‘World’s Largest Cinema’ Set To Be Demolished

By Patrick von Sychowski | March 3, 2014 10:10 pm PST

Demolitions of old cinemas rarely makes the news beyond the local newspaper and TV station, but Studio 28 in Wyoming, West Michigan is not just any old cinema. In 1988 it became the world’s first megaplex, as well as being the world’s largest cinema, and to this day hold the highest single-day attendance record figure for any cinema in the world.

 Taking its name after the street where it was located, Studio 28 was opened on Christmas Day 1965 as a single-screen 1,000 seat cinema by exhibition pioneer Jack Loek, next to Loeks’ Beltline Drive-In. Loek who would go on to make Studio 28 the flagship cinema of Jack Loeks Theatre. This in turn would become what is today known as Celebration Cinema, as created by Jack’s son John. Studio 28, meanwhile, expanded to two screens in 1967, six screens in 1976, 12 screens in 1984 and 20 screens in 1988. The seating had grown to a staggering 6,000 places.

Studio 28 was the world’s first megaplex (defined as a multiplex with 20+ screens), overtaking the 18-screen Eaton Centre Cineplex. According to Wikipedia, “The theatre broke a single day attendance record on November 29 1990 serving 16,000 guests, a record which still remains unbroken.” It was the day after Thanksgiving and films showing at that time were Dances With Wolves, Jacob’s Ladder, Home Alone and Rocky V, with Misery set to open the following day. Theatre One had a large curved screen and THX specs, woth all other screens having stadium seating.


Studio 28 was soon overtaken by other megaplexes and saw declining attendance, a reported 75% drop in attendance in the dozen years since 1996.

It was finally closed in November 2008, some 18 years after breaking the attendance record. The CEO gave what was clearly an emotional speech at the time.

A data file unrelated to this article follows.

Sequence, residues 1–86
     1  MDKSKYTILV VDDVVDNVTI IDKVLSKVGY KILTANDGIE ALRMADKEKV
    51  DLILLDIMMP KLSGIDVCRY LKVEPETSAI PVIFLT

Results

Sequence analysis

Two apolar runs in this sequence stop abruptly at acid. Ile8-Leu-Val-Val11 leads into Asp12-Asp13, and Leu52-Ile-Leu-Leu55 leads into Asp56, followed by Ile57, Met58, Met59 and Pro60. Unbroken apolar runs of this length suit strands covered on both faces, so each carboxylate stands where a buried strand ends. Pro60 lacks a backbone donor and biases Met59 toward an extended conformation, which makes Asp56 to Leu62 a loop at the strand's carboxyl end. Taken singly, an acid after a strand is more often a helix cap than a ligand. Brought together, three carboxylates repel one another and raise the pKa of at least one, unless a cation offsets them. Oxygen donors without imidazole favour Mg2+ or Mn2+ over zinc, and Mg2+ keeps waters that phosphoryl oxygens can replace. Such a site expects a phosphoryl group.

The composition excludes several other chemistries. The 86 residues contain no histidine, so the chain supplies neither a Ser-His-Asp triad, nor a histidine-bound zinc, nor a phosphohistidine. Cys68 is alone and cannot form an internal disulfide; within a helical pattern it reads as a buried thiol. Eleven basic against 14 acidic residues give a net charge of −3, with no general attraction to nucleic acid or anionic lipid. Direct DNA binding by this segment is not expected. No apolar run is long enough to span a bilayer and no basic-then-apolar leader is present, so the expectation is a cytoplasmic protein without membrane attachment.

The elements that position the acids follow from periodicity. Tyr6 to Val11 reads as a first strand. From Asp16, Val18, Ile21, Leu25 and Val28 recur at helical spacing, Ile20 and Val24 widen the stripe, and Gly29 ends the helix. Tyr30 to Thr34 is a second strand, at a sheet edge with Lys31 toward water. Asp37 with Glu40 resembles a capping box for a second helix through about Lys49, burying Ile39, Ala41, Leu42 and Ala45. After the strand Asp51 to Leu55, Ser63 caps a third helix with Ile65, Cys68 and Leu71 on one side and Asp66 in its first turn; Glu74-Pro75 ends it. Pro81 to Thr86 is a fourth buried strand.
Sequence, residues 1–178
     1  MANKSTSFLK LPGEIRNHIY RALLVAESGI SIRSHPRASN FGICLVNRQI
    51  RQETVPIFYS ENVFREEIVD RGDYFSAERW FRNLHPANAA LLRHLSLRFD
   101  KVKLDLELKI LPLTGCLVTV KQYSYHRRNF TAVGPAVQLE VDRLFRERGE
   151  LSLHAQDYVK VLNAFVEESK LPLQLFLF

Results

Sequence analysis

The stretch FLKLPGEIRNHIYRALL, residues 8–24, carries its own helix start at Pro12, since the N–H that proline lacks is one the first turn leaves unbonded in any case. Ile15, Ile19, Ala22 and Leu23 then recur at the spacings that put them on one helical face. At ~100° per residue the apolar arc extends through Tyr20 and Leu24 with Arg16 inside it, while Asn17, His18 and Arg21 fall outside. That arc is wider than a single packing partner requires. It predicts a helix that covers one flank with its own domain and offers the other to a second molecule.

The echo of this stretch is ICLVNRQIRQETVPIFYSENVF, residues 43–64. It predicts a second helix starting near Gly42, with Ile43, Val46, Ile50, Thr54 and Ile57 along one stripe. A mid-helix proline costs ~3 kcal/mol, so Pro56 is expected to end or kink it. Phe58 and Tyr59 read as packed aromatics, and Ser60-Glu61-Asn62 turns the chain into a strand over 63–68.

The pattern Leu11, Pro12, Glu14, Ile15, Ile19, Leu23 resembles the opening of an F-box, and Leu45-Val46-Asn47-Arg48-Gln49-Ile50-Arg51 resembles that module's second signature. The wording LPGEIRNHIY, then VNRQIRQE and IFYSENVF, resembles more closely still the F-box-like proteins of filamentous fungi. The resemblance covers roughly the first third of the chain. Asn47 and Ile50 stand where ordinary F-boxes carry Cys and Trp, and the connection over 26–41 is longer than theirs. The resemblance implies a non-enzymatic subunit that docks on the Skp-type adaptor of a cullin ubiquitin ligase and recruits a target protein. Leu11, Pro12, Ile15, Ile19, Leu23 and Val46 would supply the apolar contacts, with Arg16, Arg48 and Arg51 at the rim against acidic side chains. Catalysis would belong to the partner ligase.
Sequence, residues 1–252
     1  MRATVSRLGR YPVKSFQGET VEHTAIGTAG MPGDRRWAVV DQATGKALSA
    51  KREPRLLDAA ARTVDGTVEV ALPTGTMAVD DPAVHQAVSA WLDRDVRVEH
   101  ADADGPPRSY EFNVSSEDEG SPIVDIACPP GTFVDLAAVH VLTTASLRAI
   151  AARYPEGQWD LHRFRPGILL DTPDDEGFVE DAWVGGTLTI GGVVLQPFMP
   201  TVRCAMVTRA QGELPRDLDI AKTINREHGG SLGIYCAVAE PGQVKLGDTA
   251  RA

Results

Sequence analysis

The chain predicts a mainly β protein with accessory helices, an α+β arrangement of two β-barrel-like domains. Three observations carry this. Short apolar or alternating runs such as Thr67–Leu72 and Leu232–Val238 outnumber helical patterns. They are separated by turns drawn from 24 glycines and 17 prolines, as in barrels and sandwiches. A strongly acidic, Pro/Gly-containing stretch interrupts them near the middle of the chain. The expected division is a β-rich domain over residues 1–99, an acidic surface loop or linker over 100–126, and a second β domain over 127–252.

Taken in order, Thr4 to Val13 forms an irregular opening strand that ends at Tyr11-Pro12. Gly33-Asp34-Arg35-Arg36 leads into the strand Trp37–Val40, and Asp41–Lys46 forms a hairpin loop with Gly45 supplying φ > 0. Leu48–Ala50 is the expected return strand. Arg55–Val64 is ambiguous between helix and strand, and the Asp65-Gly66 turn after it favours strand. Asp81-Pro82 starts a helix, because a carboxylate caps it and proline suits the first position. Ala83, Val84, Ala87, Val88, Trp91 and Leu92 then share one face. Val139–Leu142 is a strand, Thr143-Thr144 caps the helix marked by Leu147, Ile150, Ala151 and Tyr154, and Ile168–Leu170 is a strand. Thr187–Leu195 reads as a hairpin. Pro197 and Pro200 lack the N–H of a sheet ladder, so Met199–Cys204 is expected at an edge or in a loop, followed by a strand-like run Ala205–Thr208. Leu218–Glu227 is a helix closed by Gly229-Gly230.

John Loeks, owner and president of Celebration! Cinema and Studio 28, said his father, company founder Jack Loeks, considered the theater complex “his Camelot.” It was the nation’s first multiplex facility.

“It’s much more than a building,” John Loeks said. “Studio 28 was the center of the universe for movie exhibition. Everyone in this business came to Studio 28 to see what Jack Loeks accomplished, and copy what he did.”


Today the news was confirmed that the building would finally be torn down to make way for a new development.

Studio 28, which once was the “world’s largest” movie theater complex will be erased from the Grand Rapids area landscape this month.

The facility’s demolition comes six years after the iconic theater closed its doors, after 43 years. Once the premier theater in the Loeks chain, Studio 28 became too old and too costly to operate.

Although Loeks Theater Inc. doesn’t know what will go up in its place, roof issues made it imperative to take the building down, said Emily Loeks, director of community affairs for the fourth-generation family business that operates movie theaters across the state.

The site will mostly likely be taken over by a Big Box retailer like Meijer or Wal-Mart. But the record lives on as do the memories of the world’s first megaplex and largest cinema of its time.

Patrick von Sychowski
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